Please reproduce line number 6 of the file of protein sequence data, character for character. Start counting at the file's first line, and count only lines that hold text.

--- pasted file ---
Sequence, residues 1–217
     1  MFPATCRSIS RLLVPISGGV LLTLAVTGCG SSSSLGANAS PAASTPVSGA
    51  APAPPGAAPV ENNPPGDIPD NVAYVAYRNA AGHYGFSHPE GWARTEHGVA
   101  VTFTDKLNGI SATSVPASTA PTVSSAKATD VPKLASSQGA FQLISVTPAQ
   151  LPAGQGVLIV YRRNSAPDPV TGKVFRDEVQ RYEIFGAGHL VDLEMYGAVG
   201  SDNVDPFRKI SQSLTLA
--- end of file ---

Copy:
   201  SDNVDPFRKI SQSLTLA